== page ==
Civil Guards occupied the regional government’s IT headquarters overnight to prevent the centralized processing of voting results. Online voter rolls were also taken offline, delaying voting in many places.
CUP demands declaration of independence
The Popular Unity Candidacy (CUP), a small far-left party Puigdemont needs for his majority in the regional parliament, has demanded an immediate proclamation of independence in case the “yes” side prevails.
The law that made the referendum possible — which was suspended by Spain’s Constitutional Court — calls for a declaration of independence within two days.
This could create a tension in the separatist coalition.
Carles Campuzano, the parliamentary spokesman for Puigdemont’s center-right Democratic Party, has pointed out that no declaration of independence was in their party platform.
If Puigdemont hesitates, the left may force him to call snap elections. Polls suggest the balance between pro- and anti-independence parties could be unchanged, but the Republican Left — the third ruling party — would probably replace Puigdemont’s Democrats as the largest party.
So far, 90 percent of the votes counted are in favor of independence. La Vanguardia has the up-to-date results.
Ciudadanos leader takes separatists to task
Albert Rivera, the leader of the liberal Ciudadanos — the largest opposition party in Catalonia and the fourth party nationally — says Puigdemont and the separatists are closer to their objective: “Break Catalonia in half and separate it from the rest of Spain and Europe.”
90 percent vote for independence key
Some 2.2 million votes have been counted, with 90 percent in favor of independence. The regional government estimates that 770,000 votes were lost due to Spanish police actions.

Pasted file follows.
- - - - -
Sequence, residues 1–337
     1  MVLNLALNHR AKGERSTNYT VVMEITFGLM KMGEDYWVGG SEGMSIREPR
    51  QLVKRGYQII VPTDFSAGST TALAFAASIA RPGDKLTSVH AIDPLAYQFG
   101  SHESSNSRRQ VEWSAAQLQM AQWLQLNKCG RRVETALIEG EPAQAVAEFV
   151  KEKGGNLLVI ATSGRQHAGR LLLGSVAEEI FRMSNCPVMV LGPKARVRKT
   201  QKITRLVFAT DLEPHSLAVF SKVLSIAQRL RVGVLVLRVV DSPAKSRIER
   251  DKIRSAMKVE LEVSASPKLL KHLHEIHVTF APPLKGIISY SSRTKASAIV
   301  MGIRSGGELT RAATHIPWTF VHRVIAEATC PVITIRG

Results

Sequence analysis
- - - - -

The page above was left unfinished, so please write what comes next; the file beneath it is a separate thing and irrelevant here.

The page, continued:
5.3 million Catalans were eligible to vote, putting turnout at 42 to 56 percent.
According to Oriol Junqueras, the Catalan vice president and leader of the Republican Left, “Catalonia has earned the right to become a new republic if that is the decision of parliament.”
In addition to the estimated 770,000 votes that were lost due to Spanish police actions, Politico reports there were other procedural shortcomings that throw doubt on the legitimacy of the outcome:
There was no electoral commission overseeing the referendum. Some polling stations were sealed. The Catalan government made last-minute changes in the organization of the vote. The central government took down the referendum’s digital infrastructure. Polling stations were packed with secession supporters who were in charge of counting the votes. There were unconfirmed reports of people voting more than once.
Violence in Catalonia may aid separatist aspiration
Rajoy’s refusal to allow a referendum in Catalonia may have encouraged those who were not supporters of independence to make a statement — not so much about the right for Catalonia to become an independent state, but rather for their right to decide
The same can be said for the violence that occurred as police confiscated ballot boxes and restrained those trying to vote. While in Spain, police leaving for Catalonia were cheered on by Spanish partisans waving flags, on the European and international stage their behavior may have only raised support for the Catalan cause.